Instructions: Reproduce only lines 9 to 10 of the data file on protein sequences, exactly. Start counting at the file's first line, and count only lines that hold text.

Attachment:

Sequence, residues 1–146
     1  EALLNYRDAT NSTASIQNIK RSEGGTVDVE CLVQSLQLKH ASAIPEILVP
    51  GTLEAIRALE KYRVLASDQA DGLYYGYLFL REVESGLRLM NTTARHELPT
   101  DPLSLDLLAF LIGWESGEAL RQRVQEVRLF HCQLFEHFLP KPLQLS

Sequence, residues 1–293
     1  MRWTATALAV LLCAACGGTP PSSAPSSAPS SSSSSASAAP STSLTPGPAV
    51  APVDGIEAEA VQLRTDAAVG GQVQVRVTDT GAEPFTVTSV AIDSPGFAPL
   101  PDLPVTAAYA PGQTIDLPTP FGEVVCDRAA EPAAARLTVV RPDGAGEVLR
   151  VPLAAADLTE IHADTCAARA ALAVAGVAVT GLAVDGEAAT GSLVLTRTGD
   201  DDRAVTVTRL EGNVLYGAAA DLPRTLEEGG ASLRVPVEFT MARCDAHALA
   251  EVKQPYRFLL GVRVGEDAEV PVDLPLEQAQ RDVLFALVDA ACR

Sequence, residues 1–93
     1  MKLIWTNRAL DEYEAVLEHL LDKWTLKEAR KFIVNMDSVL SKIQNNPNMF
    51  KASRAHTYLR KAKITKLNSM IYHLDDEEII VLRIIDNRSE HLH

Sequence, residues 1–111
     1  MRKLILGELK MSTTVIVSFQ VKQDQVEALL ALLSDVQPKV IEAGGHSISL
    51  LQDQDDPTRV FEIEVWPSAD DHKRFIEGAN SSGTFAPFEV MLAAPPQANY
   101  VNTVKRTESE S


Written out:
   151  VPLAAADLTE IHADTCAARA ALAVAGVAVT GLAVDGEAAT GSLVLTRTGD
   201  DDRAVTVTRL EGNVLYGAAA DLPRTLEEGG ASLRVPVEFT MARCDAHALA